We headed into the woods this weekend to hunt for our Christmas tree and a log for our yuletide fire. Living close to nature as we do, after all the National Forest is within walking distance of our home, we relish the turning of the seasons and, perhaps, feel their urgency more than most people. With the darkest day of the year approaching and what promises to be another six months of blanketing snows, we took the time to welcome the season with a Christmas tree hunt and a picnic on snowshoes.
When my husband and I first began dating eleven years ago, we had little money and a lot of time. (I imagine not much has changed since then except that, since welcoming our boy into our lives, we’ve even less time.) But with little money and a lot of time, we took our dates outside – into the wilds on snowshoes. It was lovely those first few years – the two of us tramping through the pillows of snow from which naked aspens shot up defiantly.
We’d pack a picnic – usually crackers, a hunk of cheese and a thermos of hot chocolate, warm cider or a bottle of cheap wine. And we’d eat, and kiss, under a cloudless bluebird sky nestled among the aspens and conifers who could, in their secrecy, hide my blushing cheeks. Those, dearest readers, were the greatest indulgences of our early love. That is, until we eloped to Amsterdam.
Of course, time goes by, and before you know it you get lost within the machinations of your life. Babies are born. Business must be done. Family must be visited and, before you know what you lost, you’re exhausted.
So this weekend, Christmas tree permit in hand, we packed up the car, the kid, his friend and a picnic in an effort to reclaim some of the wonder we lost to the doldrums of life. And ever the chronicling blogger I am, I posted to Nourished Kitchen’s Facebook page that we were off.
Snowshoeing, if you do it right, can take a lot out of you. Depending on the depth of the snow, the pitch of the hill and the speed at which you travel, it can be physically demanding, but wonderously fun nonetheless. So, just as we did when we first started dating, I always pack a picnic – something light to eat that can help break up the day, satisfy the belly and appease the little ones.
First, I made my favorite gingerbread men (and for you who adhere to the GAPS diet, you’ll be happy to know it is a gingerbread man recipe even you can enjoy). I’m particularly partial to this gingerbread man recipe because it is satiating, and only slightly sweet. It’s a simple combination of blanched almond flour, date sugar, eggs and organic spices which I typically buy in bulk here. Almond flour and eggs provide protein and good quality fats while date sugar isn’t much of a sugar at all and is, rather, simply dates that have been thoroughly dried and ground into a powder.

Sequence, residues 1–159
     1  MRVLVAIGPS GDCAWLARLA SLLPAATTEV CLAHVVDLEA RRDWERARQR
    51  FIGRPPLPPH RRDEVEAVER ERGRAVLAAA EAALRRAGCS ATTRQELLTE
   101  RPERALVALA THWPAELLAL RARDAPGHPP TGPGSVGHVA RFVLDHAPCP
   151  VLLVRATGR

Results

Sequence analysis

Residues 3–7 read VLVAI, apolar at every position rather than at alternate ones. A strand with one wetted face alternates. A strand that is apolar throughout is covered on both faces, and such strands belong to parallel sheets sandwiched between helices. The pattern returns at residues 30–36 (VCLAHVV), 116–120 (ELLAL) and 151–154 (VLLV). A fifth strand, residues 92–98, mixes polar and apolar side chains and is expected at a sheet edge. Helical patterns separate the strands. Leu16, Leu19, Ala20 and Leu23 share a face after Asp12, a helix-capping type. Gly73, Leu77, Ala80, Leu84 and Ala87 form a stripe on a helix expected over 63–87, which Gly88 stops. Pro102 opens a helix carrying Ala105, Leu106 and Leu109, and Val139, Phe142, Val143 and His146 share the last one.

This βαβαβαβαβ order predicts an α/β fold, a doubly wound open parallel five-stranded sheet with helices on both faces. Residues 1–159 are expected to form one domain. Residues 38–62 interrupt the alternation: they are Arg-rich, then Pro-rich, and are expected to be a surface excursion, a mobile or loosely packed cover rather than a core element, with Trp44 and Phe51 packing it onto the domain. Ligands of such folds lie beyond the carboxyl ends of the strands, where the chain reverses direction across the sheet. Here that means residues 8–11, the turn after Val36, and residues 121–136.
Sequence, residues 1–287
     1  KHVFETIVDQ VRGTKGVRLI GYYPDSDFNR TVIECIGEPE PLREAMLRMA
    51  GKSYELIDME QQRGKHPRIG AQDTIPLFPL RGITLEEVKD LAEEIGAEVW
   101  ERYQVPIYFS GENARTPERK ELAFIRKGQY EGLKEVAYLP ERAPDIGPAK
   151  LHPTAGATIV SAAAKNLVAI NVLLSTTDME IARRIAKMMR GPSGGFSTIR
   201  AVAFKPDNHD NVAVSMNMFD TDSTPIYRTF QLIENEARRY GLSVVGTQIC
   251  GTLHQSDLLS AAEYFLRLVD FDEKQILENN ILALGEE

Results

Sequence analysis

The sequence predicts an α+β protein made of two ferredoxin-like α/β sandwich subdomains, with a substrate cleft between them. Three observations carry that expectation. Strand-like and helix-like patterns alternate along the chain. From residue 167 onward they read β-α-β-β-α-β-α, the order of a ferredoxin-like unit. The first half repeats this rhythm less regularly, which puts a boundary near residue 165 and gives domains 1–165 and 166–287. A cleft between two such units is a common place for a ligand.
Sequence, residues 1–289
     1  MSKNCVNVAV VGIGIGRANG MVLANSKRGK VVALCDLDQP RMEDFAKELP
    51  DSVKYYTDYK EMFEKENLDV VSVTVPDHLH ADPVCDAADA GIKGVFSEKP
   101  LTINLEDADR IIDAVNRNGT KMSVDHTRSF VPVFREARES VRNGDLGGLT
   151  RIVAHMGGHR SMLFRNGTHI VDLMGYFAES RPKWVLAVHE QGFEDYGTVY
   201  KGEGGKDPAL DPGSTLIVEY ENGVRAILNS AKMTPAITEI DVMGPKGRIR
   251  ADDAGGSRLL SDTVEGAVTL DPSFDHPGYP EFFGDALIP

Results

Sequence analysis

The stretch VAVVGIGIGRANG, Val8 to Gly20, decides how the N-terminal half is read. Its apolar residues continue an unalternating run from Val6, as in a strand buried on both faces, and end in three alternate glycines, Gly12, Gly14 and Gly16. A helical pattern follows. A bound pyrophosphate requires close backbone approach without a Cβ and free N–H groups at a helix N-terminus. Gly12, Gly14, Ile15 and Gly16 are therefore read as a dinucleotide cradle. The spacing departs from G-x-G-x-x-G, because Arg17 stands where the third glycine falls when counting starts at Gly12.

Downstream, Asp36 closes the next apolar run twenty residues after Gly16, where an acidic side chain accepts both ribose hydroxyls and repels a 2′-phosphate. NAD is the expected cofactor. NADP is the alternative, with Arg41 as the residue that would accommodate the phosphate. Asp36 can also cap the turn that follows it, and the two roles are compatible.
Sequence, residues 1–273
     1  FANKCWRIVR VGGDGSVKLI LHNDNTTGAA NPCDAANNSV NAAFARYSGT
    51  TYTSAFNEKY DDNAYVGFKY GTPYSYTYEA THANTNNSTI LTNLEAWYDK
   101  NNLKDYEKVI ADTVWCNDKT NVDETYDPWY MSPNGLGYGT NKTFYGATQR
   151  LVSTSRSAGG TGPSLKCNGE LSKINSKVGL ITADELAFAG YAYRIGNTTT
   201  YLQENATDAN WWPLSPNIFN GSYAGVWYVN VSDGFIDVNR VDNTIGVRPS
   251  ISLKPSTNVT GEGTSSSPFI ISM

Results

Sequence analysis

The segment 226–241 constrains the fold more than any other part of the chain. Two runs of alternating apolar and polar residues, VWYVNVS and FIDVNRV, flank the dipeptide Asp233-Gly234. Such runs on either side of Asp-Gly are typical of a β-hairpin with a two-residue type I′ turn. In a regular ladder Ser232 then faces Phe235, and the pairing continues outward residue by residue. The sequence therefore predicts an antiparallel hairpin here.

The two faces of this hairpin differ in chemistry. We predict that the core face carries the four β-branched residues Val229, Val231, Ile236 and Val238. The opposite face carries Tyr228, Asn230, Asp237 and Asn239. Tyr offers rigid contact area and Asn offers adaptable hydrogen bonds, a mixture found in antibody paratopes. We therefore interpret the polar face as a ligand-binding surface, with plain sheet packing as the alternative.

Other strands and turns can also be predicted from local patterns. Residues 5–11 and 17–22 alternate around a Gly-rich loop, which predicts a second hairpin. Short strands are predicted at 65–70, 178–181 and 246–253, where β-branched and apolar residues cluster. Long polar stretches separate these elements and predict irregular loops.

And, along with our date-sweetened gingerbread men, I packed fresh apples, a hunk of beautiful artisan-crafted raw milk cheddar cheese and a thermos filled with warm goats milk, spiced by a sprinkling of nutmeg and sweetened by a bit of blackstrap molasses.
With that, we ventured into the woods, where we met friends and neighbors who all sought that perfect Christmas tree. We tramped through the snow, discussed the abominable snowman and when my husband disappeared for ten minutes the children were convinced he’d been eaten, wanted to leave him for dead and head to the car with a fervent urgency only a 6-year old can muster. They settled down, though. My husband rejoined us, we found the perfect tree (a 13-foot spruce!) and while he chopped down the tree and packed the sled we all settled in for a little snack before heading home.
And I hope this recipe, humble as it is, brings you as much joy as it did our family.
date-sweetened gingerbread men
By December 12, 2011Published:
- Yield: 12 to 16 gingerbread men
- Prep: 05 mins
- Cook: 12 to 15 minutes (baking per batch) mins
- Ready In: 17 mins
This recipe calls for date sugar and almond flour. Date sugar is a finicky sugar, highly absorbent, and you cannot substitute another sweetener for it in this recipe.
- 3 cups almond flour (plus extra for flouring your working surface)
- 3 cups date sugar (DO NOT SUBSTITUTE)
- 5 eggs (beaten)
- 1 tsp unrefined sea salt
- 3 tbsp powdered ginger
- 1 tbsp powdered cinnamon
- 1/2 tsp grated nutmeg
- 1/4 tsp ground cloves
- dried currants (to decorate the cookies)
- Preheat the oven to 350 degrees Fahrenheit.
- Beat almond flour, date sugar, eggs, sea salt, ginger, cinnamon, nutmeg and cloves together until they form a solid lump of dough.
- Flour your working surface and rolling pin. Spread the gingerbread men dough onto your work surface and roll until about 1/4-inch thick. Cut out with a gingerbread man cookie cutter. Decorate with currants and place onto a parchment-lined baking sheet or a baking stone and bake until fragrant and slightly browned at the edges – twelve to fifteen minutes. Transfer to a cooling rack. Once cool, transfer to an airtight container for storage as the gingerbread men will become brittle if left out too long.